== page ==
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Yes, they were killed, but IMHO, it was quite possibly self-inflicted death....given the size of the boat, the fact that there were clear indications that the weather was dangerous enough to consider as a factor in deciding to set sail, and the seeming lack of safety equipment used. I don't have a whole lot of sympathy for stupidity in general. Whoever made the decision to go out in those conditions on that particular boat is at fault.

Near gale winds, relatively high waves, sailing along a lee shore, in a relatively small boat... hmm... recipe for disaster and Darwin Awards coming right up.

I do feel sorry for their families though.

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Originally Posted by Cruisingdad View Post
Condolences to them and their families. Killed in their twenties... right in some of the best years of their lives.

- B
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Last edited by sailingdog; 10-25-2007 at 10:23 AM.
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Old 10-25-2007
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Isn't a J-105 around 30'? I'm wondering if the skip went MOB and the crew lost situational awareness while attempting the recovery in very bad conditions.

edit: Ok, the 105 wasn't in the accident, only the little boat. Jeesh, that'd be like me taking the V-21 out in crap like that. Having been in that stuff in my 39 footer, there's no freakin way you'd catch me out in that with the little boat on purpose.

Last edited by CharlieCobra; 10-25-2007 at 10:59 AM.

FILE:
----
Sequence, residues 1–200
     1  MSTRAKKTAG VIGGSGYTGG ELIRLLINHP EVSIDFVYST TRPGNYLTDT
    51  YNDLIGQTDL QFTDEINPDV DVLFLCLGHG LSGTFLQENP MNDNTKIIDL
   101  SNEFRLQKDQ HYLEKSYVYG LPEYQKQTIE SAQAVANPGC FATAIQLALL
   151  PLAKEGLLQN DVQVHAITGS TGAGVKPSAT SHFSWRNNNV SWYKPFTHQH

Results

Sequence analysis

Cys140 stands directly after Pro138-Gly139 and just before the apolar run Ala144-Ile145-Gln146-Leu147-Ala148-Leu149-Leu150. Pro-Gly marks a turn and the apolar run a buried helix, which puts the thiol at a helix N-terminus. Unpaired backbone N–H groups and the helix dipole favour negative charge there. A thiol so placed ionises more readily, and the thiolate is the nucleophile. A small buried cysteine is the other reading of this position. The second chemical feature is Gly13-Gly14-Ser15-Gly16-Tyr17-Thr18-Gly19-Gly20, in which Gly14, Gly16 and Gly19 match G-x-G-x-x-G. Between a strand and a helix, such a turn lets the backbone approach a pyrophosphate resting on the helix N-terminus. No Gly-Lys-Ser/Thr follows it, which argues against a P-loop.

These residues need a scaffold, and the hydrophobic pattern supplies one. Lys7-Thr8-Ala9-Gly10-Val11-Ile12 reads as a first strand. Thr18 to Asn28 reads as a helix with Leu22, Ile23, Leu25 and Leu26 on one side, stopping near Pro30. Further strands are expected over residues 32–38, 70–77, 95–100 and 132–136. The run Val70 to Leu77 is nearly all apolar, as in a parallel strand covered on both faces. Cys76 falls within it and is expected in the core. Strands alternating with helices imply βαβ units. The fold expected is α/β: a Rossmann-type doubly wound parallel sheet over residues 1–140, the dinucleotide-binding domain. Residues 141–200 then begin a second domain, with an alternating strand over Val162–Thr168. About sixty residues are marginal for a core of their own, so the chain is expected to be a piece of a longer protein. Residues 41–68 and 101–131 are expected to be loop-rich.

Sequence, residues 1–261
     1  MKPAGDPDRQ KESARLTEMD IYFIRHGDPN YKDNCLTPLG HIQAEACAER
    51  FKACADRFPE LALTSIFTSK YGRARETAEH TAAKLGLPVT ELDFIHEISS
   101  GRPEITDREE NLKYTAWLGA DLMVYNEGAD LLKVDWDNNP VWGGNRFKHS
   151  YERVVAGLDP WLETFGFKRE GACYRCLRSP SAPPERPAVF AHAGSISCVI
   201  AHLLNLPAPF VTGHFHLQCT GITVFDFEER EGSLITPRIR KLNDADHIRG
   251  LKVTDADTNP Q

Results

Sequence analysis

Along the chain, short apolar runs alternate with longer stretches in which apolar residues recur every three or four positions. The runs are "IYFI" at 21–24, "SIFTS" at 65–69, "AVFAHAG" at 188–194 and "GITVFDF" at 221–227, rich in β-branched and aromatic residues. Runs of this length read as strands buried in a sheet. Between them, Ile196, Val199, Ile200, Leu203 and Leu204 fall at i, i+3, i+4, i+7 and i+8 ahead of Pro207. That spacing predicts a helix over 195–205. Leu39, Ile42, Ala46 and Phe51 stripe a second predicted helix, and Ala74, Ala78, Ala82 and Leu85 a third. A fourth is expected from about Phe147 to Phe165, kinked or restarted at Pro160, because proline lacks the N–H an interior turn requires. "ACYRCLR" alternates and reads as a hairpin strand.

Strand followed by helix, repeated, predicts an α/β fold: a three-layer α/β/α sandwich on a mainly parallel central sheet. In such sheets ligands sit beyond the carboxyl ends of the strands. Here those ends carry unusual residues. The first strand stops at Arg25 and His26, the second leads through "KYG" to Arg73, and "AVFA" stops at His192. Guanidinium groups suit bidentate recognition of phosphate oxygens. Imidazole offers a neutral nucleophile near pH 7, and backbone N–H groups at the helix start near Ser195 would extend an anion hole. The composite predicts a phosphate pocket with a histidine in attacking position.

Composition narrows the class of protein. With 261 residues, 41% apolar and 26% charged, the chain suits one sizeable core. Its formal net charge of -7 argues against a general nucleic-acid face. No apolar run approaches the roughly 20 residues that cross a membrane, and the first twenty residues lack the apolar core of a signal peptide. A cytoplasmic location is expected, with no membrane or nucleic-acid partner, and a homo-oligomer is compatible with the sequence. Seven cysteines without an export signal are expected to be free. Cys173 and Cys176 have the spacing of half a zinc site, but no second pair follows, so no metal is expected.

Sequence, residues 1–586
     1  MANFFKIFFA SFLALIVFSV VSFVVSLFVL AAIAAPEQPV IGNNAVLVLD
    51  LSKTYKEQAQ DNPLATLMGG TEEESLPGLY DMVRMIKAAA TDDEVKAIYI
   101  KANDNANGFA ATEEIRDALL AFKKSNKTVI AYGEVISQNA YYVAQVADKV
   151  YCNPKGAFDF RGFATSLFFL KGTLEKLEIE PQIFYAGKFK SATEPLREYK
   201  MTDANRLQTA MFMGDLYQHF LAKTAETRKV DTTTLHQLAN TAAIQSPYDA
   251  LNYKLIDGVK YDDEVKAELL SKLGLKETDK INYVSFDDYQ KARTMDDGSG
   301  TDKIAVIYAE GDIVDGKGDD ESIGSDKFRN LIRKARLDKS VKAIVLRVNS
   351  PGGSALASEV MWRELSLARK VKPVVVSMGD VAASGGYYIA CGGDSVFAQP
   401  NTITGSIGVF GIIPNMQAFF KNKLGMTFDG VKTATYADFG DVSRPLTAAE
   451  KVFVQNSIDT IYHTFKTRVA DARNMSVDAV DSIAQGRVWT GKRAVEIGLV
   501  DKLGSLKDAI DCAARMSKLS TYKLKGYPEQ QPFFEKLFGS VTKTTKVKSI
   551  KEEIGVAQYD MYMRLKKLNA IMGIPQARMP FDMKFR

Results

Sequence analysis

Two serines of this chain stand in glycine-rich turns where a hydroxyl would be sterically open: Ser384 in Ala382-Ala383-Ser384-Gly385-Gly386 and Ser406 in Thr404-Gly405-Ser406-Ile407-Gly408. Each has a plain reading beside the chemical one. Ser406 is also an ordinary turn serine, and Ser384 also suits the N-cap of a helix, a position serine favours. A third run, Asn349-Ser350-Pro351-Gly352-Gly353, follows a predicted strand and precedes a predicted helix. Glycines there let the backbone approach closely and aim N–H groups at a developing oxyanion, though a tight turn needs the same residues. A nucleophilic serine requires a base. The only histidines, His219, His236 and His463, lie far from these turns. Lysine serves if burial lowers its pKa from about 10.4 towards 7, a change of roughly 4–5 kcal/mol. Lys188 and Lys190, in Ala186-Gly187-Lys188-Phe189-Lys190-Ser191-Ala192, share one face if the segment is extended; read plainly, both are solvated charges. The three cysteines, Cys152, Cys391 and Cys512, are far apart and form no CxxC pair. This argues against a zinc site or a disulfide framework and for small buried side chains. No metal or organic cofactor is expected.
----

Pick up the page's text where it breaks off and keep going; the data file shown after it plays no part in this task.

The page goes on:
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Think the news stories mentioned it was S/V "Jason", a J/35. That is a good offshore boat.
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the news article described it as a 20' boat, but also as a J-35. The latter is 35', and a solid boat.

The J-105 mentioned in the first post is poster's friend's boat, not the casualty boat.

A 20-footer in 30 knots and 7-9' seas? Yes, Darwin award for going out. A J-35, with another J-105 also making the same run? I'd want to know more before opining about their decisions. Once one crew goes overboard (I know, should've had harnesses), things can go downhill fast, you can't get away from the lee shore and leave him, and everything snowballs.

Tragic.
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Old 10-25-2007
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They just updated the news story. There's also a video report at this link.

Quote:
3 Lake Michigan boaters die

By Jason Meisner, Dan P. Blake and Jeremy Gorner

Tribune staff reporters

11:52 AM CDT, October 25, 2007

<****** language=JavaScript src="http://ad.doubleclick.net/adj/trb.chicagotribune/news/local;tk=10039;tk=10059;tk=10075;tk=10077;tk=10080 ;tk=10085;tk=10086;tk=10098;tk=10102;tk=10103;tk=1 0107;tk=10115;tk=10128;tk=10232;tk=10260;tk=10321; tk=10419;tk=10423;tk=10490;tk=10508;tk=10512;tk=10 553;tk=10567;tk=10604;tk=10607;tk=10691;tk=10797;t k=10953;tk=11070;tk=11186;tk=11268;tk=11284;tk=112 94;tk=11382;tk=11452;tk=11467;tk=11753;tk=12340;tk =12375;tk=12525;tk=12583;ptype=ps;slug=chi-boatdeaths25_weboct26;rg=r;zc=60613;ref=chicagotri bunecom;pos=1;dcopt=ist;sz=300x250;tile=1;ord=1562 8434?" type=text/javascript><****** src="http://m1.2mdn.net/879366/flashwrite_1_2.js">
Sailors were trying to rescue a friend who had gone overboard in 10-foot waves when their boat smashed into a breakwater in Lake Michigan, leaving three dead, a Coast Guard official said today.

The four men were part of an "experienced crew" who were moving the approximately 25-foot sailboat from Monroe Harbor in Chicago to a boating yard in Northwest Indiana, where it was going to be taken out of the water for the winter, Boatman's Mate Michael Arnold said.